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Pickled red meat associated with increased risk of colorectal cancer

By Sharon Gray

A new study conducted by researchers in the Faculty of Medicine at Memorial University shows that pickled red meat consumption is significantly associated with an increased risk of colorectal cancer in Newfoundland and Labrador.

The study, published online May 27 in Cancer Causes Control, assessed the association between the intakes of total red meat and pickled red meat and the risk of colorectal cancer in 1,204 residents of Newfoundland and Labrador.

“In Newfoundland and Labrador, pickled meat can be either homemade or purchased from farmer’s market or supermarkets,” said Dr. Peter Wang, the principal investigator of the study. “While little has been written about the distinct dietary characteristics of Newfoundlanders and Labradorians, given the frequency and quantity of pickled meat consumption, Newfoundland and Labrador is probably matched by no other population in the world.”

Dr. Wang said this study has public health implications in terms of identifying important modifiable risk factors of colorectal cancer in the province’s population.

Colorectal cancer is the third most common type of cancer in Canadian men and women, exceeded only by lung cancer and breast cancer. People in Newfoundland and Labrador have the highest rate of colorectal cancer in Canada at 86 per 100,000 compared to a national average of 62 per 100,000.

“It is generally believed that dietary habits are a major contributor to colorectal cancer and are at least responsible for 30 percent of colorectal cancer cases,” said Dr. Wang. “However little is known about how the effects of red meat intake on colorectal cancer vary across populations and the association between pickled meat and colorectal cancer has not been adequately examined. Our study shows a positive association between the consumption of pickled meat and colorectal cancer and demonstrates that the level of consumption of pickled meat has a significant effect.”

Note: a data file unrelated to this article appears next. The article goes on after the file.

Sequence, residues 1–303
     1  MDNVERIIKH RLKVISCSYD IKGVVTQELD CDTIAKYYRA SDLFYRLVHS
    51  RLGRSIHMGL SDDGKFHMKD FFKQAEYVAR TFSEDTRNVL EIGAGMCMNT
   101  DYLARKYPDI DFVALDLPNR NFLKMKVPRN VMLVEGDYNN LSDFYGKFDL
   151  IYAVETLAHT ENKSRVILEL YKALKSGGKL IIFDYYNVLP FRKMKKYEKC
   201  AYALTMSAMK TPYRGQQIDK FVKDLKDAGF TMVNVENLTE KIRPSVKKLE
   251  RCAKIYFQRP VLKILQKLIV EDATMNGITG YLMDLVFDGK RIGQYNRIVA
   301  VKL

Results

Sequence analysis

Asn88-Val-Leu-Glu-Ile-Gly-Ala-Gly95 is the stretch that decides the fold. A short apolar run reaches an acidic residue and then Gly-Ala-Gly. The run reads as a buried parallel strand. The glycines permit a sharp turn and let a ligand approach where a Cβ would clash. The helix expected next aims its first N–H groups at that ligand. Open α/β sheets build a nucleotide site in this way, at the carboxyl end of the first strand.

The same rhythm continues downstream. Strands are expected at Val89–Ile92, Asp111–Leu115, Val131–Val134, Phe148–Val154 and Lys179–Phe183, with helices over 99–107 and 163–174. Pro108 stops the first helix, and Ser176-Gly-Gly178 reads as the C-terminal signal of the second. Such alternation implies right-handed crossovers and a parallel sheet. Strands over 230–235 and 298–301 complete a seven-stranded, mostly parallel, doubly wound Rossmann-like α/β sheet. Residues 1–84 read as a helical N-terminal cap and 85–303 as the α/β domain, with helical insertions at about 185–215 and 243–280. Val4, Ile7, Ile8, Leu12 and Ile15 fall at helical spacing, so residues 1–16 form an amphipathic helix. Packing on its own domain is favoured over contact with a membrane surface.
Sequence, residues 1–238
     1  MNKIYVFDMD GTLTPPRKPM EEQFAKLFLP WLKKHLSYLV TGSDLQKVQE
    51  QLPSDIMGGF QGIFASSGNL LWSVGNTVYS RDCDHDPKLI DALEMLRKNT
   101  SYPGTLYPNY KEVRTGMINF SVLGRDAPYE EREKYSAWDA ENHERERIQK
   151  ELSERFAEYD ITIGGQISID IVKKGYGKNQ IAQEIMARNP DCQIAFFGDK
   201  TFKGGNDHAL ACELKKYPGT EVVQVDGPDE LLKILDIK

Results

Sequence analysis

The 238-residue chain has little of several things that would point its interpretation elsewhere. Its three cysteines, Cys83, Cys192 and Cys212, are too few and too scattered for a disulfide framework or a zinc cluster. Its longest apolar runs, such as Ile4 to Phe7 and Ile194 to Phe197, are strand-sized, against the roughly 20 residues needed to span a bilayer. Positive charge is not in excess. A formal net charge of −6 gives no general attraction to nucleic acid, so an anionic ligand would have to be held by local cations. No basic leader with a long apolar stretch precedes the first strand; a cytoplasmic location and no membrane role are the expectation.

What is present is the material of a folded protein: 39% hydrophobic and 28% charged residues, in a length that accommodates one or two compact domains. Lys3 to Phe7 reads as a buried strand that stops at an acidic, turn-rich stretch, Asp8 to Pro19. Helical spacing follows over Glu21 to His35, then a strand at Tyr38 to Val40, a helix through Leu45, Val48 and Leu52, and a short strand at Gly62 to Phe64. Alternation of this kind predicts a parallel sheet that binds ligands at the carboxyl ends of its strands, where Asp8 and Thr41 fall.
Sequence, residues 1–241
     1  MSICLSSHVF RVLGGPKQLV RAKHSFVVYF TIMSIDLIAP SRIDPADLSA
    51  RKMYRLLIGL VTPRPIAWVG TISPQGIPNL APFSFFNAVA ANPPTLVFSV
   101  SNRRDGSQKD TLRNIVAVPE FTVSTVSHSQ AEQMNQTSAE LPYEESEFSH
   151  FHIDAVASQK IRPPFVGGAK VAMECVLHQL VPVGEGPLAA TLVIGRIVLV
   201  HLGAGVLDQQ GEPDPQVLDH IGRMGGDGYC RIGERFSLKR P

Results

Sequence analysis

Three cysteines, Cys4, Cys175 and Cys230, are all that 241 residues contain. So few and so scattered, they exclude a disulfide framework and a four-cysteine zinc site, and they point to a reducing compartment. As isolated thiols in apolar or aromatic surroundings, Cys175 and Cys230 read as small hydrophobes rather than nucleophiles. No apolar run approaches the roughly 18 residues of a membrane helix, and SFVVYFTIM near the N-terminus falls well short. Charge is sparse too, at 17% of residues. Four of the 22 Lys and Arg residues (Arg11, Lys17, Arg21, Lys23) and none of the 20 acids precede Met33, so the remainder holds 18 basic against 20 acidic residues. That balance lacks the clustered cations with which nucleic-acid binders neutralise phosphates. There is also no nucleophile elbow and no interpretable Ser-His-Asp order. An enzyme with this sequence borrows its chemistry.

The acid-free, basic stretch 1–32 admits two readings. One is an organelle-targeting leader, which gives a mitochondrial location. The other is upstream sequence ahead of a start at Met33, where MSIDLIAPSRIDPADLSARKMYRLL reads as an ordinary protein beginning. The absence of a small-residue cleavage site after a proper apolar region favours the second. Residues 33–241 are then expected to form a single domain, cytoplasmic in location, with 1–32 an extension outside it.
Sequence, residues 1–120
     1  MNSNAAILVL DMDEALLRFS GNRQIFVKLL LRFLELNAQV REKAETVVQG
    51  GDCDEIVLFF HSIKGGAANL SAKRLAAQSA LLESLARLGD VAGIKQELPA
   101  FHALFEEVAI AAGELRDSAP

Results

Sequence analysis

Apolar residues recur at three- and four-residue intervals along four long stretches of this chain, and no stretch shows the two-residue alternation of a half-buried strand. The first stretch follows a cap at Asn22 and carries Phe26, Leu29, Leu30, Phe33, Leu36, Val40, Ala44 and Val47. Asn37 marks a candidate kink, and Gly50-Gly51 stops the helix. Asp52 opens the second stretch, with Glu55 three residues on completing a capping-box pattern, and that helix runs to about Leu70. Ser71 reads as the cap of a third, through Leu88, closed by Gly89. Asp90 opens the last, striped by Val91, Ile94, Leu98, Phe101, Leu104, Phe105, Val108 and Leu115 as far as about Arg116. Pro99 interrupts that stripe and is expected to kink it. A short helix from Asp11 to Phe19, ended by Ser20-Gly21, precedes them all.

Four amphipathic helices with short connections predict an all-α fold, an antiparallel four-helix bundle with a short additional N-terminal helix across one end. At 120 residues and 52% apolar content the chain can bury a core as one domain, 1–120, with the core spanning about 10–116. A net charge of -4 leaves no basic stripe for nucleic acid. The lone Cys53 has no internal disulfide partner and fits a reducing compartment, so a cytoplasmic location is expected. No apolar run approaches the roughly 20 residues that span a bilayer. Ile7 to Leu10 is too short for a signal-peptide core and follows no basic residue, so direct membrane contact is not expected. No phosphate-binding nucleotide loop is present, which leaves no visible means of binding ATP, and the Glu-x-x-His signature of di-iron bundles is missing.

Dr. Wang said that two common pickled meats in the provincial diet are trimmed naval beef and cured pork riblets. These meats include sodium nitrite as one of the preserving agents and it has been suggested that nitrite/nitrate compounds can be converted to carcinogenic compounds.

Dr. Wang said that the study, in comparison with the results from a larger study using Ontario data, provides additional evidence that the effects of red meat intake on colorectal cancer may vary from one population to another. “The differences observed between the two provinces suggest that red meat intake is more likely to work with genetic and environmental factors in giving rise to colorectal cancer.”

While the results of the study show a positive association between the consumption of pickled red meat and colorectal cancer, it did not show a positive association between the consumption of red meat and colorectal cancer. “It may be that in Newfoundland and Labrador people consume substantially more red meat from wild animals such as moose and caribou,” commented Dr. Wang.

Because a person’s diet can be modified, Dr. Wang said it is important that dietary risk factors for colorectal cancer are identified so that informed decisions regarding a person’s diet can be made in an effort to minimize the risk of developing colorectal cancer.

This study is part of Josh Squires’ master’s thesis. Mr. Squires is supervised by Drs. Wang, Barbara Roebothan and Sharon Buehler, and is expected to graduate in October 2010.
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